In 1942, at the height of World War II, Martin Heidegger, the most influential philosopher of the twentieth century, delivered a series of lectures on The Ister, Friedrich Hölderlin's poem about the Danube River, which referred to the waterway by its ancient Greek name.
Heidegger had achieved worldwide fame in 1927 for his philosophical magnum opus, Being and Time. In 1933, Heidegger embraced the National Socialist 'revolution,' becoming rector of Freiburg University. His inaugural address culminated in "Heil Hitler!" After clashing with the Nazi bureaucracy, however, he resigned the rectorate in 1934.
Eight years later, as the tide of the war was turning against Germany, Heidegger spent the summer semester lecturing on the poetry of Friedrich Hölderlin, focusing on his poem The Ister. Rather than an esoteric retreat into the realm of aesthetics, Heidegger's lectures directly addressed the political, cultural and military chaos facing Germany and the world in 1942.
THE ISTER takes up some of the most challenging paths in Heidegger's thought, as we journey from the mouth of the Danube River in Romania to its source in the Black Forest. However controversial Heidegger remains, his thought remains alive in the work of some of the most remarkable thinkers and artists working today, four of whom discuss the contemporary social relevance of Heidegger, including Philippe Lacoue-Labarthe, Jean-Luc Nancy, Bernard Stiegler, and filmmaker Hans-Jürgen Syberberg.
Winding through the shattered remains of the former Yugoslavia, through a Hungary busily restoring its national mythology, and through a Germany that is both the heart of the new Europe and the ghost of the old one, the Danube itself is the question of the film. In addition to its mentally stimulating, at times even challenging, philosophical discourse, THE ISTER features stunning natural vistas along the nearly 2,000-mile length of one of Europe's major rivers, as well as ancient Greek ruins, the Mauthausen concentration camp, Yugoslavian bridges devastated by NATO bombings, and King Ludwig's Walhalla temple.
By drawing the places and times of the river into a constellation with Heidegger's thought, THE ISTER invites the viewer to participate in some of the most provocative questions facing Europe and the world today. These questions-of home and place, culture and memory, of technology and ecology, of politics and war-concern us today just as much as they did Heidegger in 1942.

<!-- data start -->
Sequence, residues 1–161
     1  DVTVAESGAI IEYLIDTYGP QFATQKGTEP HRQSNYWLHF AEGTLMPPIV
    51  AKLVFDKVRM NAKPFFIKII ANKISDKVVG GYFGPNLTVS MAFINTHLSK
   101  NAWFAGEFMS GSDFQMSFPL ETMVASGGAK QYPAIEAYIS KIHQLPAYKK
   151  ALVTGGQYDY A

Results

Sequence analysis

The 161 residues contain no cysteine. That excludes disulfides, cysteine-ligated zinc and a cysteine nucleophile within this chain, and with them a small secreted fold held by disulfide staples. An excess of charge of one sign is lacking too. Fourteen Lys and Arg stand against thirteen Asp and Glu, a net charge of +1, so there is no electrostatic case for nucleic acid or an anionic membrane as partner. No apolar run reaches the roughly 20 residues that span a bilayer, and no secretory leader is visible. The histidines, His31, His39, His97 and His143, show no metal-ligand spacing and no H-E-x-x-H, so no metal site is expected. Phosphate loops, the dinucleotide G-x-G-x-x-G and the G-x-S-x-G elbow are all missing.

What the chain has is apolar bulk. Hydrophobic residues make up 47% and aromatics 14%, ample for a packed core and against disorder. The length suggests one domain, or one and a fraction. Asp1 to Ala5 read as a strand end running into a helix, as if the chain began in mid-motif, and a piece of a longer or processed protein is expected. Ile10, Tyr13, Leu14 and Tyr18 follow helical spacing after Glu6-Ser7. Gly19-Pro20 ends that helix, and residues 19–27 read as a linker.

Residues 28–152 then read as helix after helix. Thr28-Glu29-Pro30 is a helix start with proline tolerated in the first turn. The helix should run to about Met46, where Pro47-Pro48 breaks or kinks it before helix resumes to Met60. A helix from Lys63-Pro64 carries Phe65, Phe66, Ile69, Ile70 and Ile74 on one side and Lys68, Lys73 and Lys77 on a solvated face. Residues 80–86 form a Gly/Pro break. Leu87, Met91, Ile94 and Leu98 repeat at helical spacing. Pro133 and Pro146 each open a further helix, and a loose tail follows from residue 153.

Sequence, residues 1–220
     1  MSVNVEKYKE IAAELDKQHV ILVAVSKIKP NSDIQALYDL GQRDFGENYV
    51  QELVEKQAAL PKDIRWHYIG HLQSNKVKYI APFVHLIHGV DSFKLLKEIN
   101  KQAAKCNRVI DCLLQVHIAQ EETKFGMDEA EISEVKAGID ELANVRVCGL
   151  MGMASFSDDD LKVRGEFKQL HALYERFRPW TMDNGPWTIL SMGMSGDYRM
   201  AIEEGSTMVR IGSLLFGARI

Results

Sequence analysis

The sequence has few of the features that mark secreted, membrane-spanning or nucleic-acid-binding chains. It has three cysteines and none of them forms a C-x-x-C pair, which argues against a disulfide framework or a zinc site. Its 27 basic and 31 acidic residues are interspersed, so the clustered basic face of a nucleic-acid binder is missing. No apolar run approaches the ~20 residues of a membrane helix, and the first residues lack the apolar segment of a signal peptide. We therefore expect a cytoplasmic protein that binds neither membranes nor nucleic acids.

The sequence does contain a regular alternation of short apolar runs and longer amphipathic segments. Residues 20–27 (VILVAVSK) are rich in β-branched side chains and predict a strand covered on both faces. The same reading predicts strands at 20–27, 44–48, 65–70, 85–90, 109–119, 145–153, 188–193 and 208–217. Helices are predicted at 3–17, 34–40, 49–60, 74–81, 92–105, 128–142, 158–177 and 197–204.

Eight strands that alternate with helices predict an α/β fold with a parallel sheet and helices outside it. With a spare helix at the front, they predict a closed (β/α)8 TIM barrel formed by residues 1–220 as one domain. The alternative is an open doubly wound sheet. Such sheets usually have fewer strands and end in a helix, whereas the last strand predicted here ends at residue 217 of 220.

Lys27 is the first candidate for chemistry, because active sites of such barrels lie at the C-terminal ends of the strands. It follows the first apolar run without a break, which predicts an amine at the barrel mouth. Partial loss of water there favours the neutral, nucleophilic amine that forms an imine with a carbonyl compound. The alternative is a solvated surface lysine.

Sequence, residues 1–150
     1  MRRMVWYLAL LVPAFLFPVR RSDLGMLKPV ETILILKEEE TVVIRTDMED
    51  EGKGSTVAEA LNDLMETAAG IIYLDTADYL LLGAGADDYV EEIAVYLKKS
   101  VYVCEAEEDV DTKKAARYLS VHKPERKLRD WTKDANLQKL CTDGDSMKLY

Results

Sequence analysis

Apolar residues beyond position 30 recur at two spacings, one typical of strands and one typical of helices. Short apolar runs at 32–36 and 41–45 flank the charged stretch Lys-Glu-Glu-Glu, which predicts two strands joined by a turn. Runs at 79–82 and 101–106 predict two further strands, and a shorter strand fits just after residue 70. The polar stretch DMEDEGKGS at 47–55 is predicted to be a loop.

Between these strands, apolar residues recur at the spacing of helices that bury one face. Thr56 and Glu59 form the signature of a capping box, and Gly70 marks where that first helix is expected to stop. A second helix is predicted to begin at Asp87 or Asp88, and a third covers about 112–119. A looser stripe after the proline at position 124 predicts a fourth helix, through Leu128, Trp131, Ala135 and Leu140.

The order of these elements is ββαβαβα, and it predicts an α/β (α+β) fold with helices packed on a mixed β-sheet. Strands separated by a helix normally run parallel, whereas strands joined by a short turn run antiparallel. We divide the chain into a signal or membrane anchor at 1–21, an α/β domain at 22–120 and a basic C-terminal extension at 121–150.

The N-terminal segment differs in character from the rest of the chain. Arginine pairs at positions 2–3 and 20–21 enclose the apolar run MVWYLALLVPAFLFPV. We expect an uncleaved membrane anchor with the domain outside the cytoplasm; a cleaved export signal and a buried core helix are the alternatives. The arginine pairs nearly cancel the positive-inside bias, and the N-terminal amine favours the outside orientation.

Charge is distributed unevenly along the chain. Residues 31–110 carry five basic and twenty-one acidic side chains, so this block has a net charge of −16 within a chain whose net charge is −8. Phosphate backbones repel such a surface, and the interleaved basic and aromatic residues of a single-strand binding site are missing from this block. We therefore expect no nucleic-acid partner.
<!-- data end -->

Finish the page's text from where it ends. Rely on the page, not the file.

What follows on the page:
"A probing, evasive meditation on time, culture and change, images and actions, and the necessity for both."—Film Comment
2005 Heidegger Symposium, University of Dallas
2005 WaterWays Conference on the Confluence of Art, Science, Policy, & Philosophy
Best Film, Quebec Film Critics, 2004 Montreal Intl Festival of New Cinema
Le Prix du Groupement National des Cinémas de Recherche, 2004 Marseille Intl Documentary Festival
2004 Rotterdam Intl Film Festival
2004 Vancouver Intl Film Festival
"An impressive philosophical exercise and a meditative work of cinematic beauty."—Jamie Russell, BBC
"A rich, dense and exhilarating series of connections, arguments and ambiguities. The film is full of historical associations and references, but it is a work in the present tense, a documentary with a sense of immediacy and inquiry, a film about past and present that makes use of cinema's power of associations, its ability to show the tangible, material aspect of things."—The Age
"Exposes some of the most powerful transformative currents and possibilities at play in the philosopher's reading of the Western tradition...THE ISTER'S thoughtfulness lies in its encounter of Heidegger's thought in awareness of the impossibility, the loss, and the concrete differences in which philosophical thinking finds its configurations. Wth their visually articulate commentary, Barison and Ross have made a unique contribution to the critical articulation of Heidegger's thinking, this in a time when images seldom engage thought and words often seem insufficient in their articulation of thought's movement in its loss and difference."—Alejandro A. Vallega, Director of the Collegium Phaenomenologicum and Author of 'Heidegger and the Issue of Space: Thinking on Exilic Grounds'
"A revelation! The best and most significant Australian feature of the year thus far... could well become a milestone in a new era of autonomy and creative freedom in the Australian cinematic landscape."—Senses of Cinema
"Possesses a visual beauty that's rare in the documentary field... An impressive cinematic tribute to the river from which it takes its name."—Tom Dawson, Channel 4 (UK)
"A stimulating three-hour journey in time, space and the mind."—Philip French, The Observer